A member of the Engineering Directorate staff leads the NSF-wide group on Nanoscale Science and Engineering, which prepares publications and organizes competitions and evaluations of the program. Nanoscale Science and Engineering is part of the interagency National Nanotechnology Initiative (NNI)—now in its second year. Directorate activities related to Nanoscale Science and Engineering are listed in appendix 3. The Engineering Directorate leads several innovative cross-directorate programs. It manages the National Nanofabrication Users Network (NNUN) in which the Biological Sciences, Computer and Information Science and Engineering, and Mathematical and Physical Sciences directorates participate. NNUN provides the infrastructure for research on the control of properties at the atomic/molecular level, the assembly of nanostructured materials, and the use of those materials as building blocks Engineering
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for engineering applications such as thin films and coatings, advanced chemical catalysts, artificial biomaterials, and novel optoelectronic devices. In cooperation with the Computer and Information Science and Engineering directorate, it manages the Combined Research and Curriculum Development (CRCD) program, which incorporates cutting-edge research advances into upper-level undergraduate and graduate engineering courses and stimulates active faculty researchers to place increased value on curriculum innovation. Support for CRCD projects in FY 2001 is detailed in appendix 5. The Grant Opportunities for Academic Liaison with Industry (GOALI) provides support for an an eclectic mix of industry-university linkages. A major goal of the program is to enable faculty, postdoctoral fellows and students to conduct research and gain experience with production processes in an industrial setting. The program is conducted jointly with the Mathematical and Physical Sciences and the Social, Behavioral, and Economic Sciences directorates. In FY 2001, the Engineering Directorate provided approximately $59 million through other NSF-wide programs (table 2.1). The Faculty Early Career Development (CAREER) program provides support to junior faculty for the conduct of the highest quality research and education. In FY 2001, Engineering Directorate staff led the coordinating committee for the CAREER program and provided support for a committee of visitors that reviewed the program. It funded almost one-fifth of the CAREER awards made by NSF—continuing its strong support of the program. The Research Experience for Undergraduates (REU) program encourages students to become independent researchers. It has demonstrated to women, underrepresented minorities, and people with disabilities that promising careers in engineering research are accessible to them. Of the 368 REU students involved in Engineering Research Centers in FY 2001, 86 are female, 126 are from underrepresented minority groups (46 African Americans, 74 Hispanics, 2 Native Americans), and none is disabled. In FY 2001, the Directorate provided than $3 million in support through research grants and $5.99 million to fund 70 REU sites, making 19 new awards, two of which were  cofunded by other directorates. Each site consists of a group of undergraduates who work with faculty and graduate students on carefully defined projects aligned with the research programs of the host institution. Students are accepted from around the country and receive stipends and, in some cases, assistance with housing and travel. Engineering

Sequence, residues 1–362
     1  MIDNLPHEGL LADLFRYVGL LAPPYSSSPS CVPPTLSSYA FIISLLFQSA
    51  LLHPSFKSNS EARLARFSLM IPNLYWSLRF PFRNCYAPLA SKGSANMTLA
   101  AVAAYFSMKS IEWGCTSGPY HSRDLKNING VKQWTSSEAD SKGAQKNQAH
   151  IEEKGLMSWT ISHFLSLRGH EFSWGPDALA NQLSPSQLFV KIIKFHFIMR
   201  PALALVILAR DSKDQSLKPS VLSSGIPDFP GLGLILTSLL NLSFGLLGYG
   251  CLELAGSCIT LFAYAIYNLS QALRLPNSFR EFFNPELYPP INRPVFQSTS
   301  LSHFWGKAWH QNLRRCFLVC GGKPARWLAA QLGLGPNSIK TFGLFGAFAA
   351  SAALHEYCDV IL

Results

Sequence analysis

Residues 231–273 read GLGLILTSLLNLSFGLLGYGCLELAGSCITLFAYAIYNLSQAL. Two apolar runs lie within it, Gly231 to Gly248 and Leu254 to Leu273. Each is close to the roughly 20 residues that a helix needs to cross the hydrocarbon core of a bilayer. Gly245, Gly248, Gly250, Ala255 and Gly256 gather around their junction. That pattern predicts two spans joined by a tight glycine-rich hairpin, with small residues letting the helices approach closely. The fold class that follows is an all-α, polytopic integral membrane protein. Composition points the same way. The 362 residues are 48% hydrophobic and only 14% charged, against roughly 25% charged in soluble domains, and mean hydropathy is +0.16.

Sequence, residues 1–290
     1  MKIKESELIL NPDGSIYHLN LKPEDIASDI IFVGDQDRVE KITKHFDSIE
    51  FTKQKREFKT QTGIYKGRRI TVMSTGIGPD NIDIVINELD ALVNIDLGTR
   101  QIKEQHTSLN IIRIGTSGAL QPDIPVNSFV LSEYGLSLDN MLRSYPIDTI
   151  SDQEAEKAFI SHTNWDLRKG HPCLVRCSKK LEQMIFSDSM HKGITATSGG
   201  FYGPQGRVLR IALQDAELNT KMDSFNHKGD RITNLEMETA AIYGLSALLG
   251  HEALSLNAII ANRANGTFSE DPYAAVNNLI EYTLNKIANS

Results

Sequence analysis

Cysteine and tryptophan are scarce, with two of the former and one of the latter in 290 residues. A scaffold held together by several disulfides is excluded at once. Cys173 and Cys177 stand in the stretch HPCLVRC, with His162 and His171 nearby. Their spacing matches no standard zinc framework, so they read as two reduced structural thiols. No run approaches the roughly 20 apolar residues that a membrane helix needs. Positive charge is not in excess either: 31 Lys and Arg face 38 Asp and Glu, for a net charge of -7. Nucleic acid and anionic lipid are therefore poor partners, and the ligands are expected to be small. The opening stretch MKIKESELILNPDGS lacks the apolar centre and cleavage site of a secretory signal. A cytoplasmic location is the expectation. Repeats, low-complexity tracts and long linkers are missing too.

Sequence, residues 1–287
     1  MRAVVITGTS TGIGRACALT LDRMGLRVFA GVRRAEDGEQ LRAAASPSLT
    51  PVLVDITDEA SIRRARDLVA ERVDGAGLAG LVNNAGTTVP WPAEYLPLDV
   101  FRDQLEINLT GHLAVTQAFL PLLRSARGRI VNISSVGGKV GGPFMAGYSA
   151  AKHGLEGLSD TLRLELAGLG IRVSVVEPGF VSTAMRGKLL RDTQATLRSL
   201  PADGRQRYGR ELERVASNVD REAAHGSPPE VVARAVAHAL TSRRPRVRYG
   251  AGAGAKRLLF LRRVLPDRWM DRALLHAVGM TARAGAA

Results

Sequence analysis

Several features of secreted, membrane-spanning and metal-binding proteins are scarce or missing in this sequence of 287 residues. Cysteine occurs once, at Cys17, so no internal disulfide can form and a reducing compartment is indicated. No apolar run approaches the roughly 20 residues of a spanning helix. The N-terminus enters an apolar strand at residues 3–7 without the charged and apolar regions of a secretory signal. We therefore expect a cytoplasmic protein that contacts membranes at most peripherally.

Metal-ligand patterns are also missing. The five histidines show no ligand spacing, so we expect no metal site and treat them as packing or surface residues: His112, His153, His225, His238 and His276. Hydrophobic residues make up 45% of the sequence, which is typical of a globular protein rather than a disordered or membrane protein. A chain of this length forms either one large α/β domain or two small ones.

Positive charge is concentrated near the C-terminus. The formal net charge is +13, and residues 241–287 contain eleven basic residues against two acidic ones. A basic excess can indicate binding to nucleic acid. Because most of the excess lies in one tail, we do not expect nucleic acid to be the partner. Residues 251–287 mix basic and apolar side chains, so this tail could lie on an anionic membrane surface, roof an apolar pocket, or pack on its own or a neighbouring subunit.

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The focus areas of the ten REU sites funded by the Engineering Education and Centers (EEC) division of the Directorate are closely aligned with NSF-wide and Directorate areas of emphasis—two in nanotechnology, two in microsystems, and six in biocomplexity and bioremediation (see appendix 6). The Engineering Directorate provided $2.79 million for NSF’s Graduate Research Fellowships (GRF) program, making possible additional graduate research fellowships for women in engineering. This highly competitive program supports three years of graduate study leading to a research-based master’s or doctoral degree. Table 2.1 Engineering Directorate funding for NSF-wide programs, FY 2001
Program Faculty Early Career Development (CAREER) Research Experiences for Undergraduates (REU) Science and Technology Centers (STC) Graduate Research Fellowships (GRF) Integrative Graduate Education and Research Traineeships (IGERT) Minority Institutions for Excellence Interagency Educational Research Initiatives (IERI) Research Experiences for Teachers (RET) ADVANCE Graduate Teaching Fellows in K-12 Education Funding ($ millions) 33.73 9.23 4.00 2.79 2.98 1.14 2.00 2.20 0.98 0.70

In FY 2001, Engineering Directorate staff led the Foundation-wide coordinating committee for the Integrative Graduate Education and Research Traineeships (IGERT) program—and the EEC division provided $2.98 million in support. IGERT funds sites that give groups of Ph.D. students in science and engineering the multidisciplinary training they need to succeed. The program is expected to catalyze a cultural change in graduate education transcending traditional disciplinary boundaries. Fifteen of the 22 sites that received awards in FY 2001 have concentrations of particular interest to engineering. Interagency Educational Research Initiatives (IERI) is a joint program with NIH and the Department of Education to improve pre-K-12 student learning and achievement in reading, mathematics, and science by supporting rigorous interdisciplinary research into promising educational practices and technologies. EEC, which represents the Engineering Directorate in the program, provided $2 million in FY 2001 support. To provide for the accumulation of databases of reliable and strictly comparable data, IERIsupported projects share common benchmarks.